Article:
six signs that you may be a food idiot
published in the globe and mail on march 18, 2011
by: ian brown
1. Eats, but doesn’t cook
Tends not to cook, and is therefore unable to enjoy food based on the amount of effort, pleasure or hilarity that went into making it. Is often resented as a result by his or her host for making only faintly positive remarks, e.g., “The meringue’s a little soft, but the raspberries are very good for mid-winter.” Makes you want to plunge a fork into his tongue.
2. The more esoteric, the better
The more esoteric, illegal, hard-to-procure and expensive the ingredient, the more the extreme foodie adores it. Thrilled by plates that consist of a single perfect sorrel leaf, which sits on a scallop, which sits on a tablet of pork belly marinated in 7-Up, which in turn is sandwiched under some pea puree anointed with truffle oil. Uses the word “anointed.” Like to “stack” ingredients so as to “deconstruct” the dish, rendering it difficult if not dangerous to eat – which is the point of dining, presumably. Is a douche.
Prefers judging food to experiencing it. May be vegan. Loudly corrects the taste-impressions of others, often disdainfully. Someone sips a fresh Ontario riesling, and says “A hint of lemon?” To which the extreme foodie does not hesitate to say “Lemon balm!” in an imperious and corrective tone. Is willing to send a dish or even several dishes back to the kitchen for improvement, several times if necessary, but still believes he’s a charming and expert flirt. Is more interested in status than pleasure, and always prefers eating up (risotto, duck confit, wild boar) to common fare (cod cheeks, hot dogs, drippings on bread).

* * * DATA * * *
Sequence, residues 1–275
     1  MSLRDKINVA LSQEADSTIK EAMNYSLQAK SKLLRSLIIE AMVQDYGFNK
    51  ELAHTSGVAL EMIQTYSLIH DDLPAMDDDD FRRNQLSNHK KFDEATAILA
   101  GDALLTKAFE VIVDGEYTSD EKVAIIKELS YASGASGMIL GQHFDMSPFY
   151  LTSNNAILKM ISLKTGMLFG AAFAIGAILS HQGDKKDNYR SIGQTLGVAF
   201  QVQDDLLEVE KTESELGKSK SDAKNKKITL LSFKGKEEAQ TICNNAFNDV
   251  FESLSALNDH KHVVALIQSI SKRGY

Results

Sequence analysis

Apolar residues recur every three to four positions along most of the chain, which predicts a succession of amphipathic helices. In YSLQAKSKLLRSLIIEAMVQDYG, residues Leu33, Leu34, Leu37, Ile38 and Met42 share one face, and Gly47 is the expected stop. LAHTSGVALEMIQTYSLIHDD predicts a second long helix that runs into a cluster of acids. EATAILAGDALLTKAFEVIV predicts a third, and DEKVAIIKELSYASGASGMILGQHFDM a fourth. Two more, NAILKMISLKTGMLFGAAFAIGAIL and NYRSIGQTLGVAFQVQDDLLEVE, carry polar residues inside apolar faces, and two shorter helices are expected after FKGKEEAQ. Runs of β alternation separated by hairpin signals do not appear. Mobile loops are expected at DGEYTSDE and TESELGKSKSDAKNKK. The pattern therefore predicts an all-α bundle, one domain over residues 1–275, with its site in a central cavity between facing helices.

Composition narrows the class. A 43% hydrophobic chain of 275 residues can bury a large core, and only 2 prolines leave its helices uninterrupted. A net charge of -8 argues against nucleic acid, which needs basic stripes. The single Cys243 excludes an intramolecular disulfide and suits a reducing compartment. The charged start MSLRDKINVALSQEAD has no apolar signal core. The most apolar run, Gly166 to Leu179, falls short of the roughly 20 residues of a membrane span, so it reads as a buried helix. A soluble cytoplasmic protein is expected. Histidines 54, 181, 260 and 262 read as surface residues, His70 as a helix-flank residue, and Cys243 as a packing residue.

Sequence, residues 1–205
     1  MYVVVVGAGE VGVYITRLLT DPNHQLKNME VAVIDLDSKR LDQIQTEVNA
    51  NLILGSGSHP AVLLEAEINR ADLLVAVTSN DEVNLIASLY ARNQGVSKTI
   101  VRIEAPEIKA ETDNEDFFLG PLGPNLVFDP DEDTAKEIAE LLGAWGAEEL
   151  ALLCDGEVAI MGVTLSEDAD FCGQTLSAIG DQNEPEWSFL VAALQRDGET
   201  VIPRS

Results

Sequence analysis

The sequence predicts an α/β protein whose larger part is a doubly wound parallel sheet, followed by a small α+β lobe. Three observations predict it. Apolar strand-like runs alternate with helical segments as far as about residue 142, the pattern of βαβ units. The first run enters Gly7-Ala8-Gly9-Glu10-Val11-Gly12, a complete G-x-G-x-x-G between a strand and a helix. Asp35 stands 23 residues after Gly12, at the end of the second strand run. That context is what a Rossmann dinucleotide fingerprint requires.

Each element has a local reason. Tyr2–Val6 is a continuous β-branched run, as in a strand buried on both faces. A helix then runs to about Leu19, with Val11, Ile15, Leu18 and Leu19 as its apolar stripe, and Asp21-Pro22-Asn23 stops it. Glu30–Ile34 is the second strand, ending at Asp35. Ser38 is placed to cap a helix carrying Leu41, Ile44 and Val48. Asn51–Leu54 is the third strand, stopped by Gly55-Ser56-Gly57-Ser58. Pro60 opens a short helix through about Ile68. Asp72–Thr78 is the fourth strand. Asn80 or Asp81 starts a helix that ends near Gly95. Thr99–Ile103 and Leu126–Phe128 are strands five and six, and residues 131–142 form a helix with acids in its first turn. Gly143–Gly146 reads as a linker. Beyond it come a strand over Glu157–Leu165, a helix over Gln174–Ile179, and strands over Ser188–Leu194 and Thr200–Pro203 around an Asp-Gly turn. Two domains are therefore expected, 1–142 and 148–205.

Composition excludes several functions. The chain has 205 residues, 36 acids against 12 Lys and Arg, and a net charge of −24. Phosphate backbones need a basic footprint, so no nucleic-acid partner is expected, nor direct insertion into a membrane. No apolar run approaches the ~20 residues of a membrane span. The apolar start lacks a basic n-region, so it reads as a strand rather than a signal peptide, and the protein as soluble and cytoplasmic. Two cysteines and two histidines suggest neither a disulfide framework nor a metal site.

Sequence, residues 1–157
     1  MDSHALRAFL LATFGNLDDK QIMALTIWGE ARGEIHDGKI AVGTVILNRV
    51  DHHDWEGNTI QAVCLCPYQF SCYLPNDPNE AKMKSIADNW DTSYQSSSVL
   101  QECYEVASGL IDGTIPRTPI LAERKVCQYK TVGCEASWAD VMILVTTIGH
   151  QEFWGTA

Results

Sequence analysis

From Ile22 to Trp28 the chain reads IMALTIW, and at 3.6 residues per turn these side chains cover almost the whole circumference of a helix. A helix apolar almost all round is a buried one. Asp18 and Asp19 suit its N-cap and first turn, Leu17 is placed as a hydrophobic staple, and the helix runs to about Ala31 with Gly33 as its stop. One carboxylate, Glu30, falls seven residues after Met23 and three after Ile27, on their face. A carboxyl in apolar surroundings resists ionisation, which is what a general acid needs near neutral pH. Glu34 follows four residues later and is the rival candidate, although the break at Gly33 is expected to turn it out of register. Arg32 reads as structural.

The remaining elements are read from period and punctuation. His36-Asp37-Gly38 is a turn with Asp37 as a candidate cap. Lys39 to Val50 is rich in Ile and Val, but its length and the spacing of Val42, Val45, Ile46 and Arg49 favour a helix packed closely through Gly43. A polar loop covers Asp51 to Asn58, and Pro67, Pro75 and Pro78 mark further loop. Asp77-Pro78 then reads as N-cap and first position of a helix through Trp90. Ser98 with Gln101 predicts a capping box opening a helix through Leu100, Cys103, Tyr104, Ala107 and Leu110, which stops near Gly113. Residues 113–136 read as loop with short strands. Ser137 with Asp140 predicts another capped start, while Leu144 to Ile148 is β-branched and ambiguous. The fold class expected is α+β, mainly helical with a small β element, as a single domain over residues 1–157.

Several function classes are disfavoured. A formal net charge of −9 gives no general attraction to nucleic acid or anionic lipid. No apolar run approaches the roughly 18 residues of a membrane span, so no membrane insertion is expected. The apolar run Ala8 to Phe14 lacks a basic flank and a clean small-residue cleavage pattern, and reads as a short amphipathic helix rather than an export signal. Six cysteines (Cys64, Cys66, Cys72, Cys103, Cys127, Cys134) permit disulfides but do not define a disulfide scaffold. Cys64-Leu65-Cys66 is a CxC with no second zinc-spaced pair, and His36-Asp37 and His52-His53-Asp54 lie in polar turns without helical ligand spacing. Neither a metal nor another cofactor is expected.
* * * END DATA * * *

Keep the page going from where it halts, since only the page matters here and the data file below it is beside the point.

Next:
4. Bash, bash, bash
It is never enough for the extreme foodie to tout his region’s fare; he must also bash another region for ignoring it. E.g.: “The biggest problem we’ve had with Niagara wines, quite frankly, is that Torontonians are too ignorant to know how good they are.” Generally makes these remarks about a wine that could be used to strip the paint of an old door. Tends to be over-specific talking terroir: the food twit can identify not just the vineyard or even the bench his wine came from, but the direction the tractor was headed when the grapes were clipped. And you can’t.
5. Nearly erotic
The extreme foodie concentrates exclusively on taste, rather than on satisfaction (and never that of others) or the stories surrounding a dish. As a result his judgments tend to be prematurely micro-orgasmic, a series of adjectival anticlimaxes: “delirious,” “trenchant,” “sublime,” “ambrosial,” as opposed to “that scallop taco made me want to pull my pants down.”
6. Uses the word “foodie” to describe self.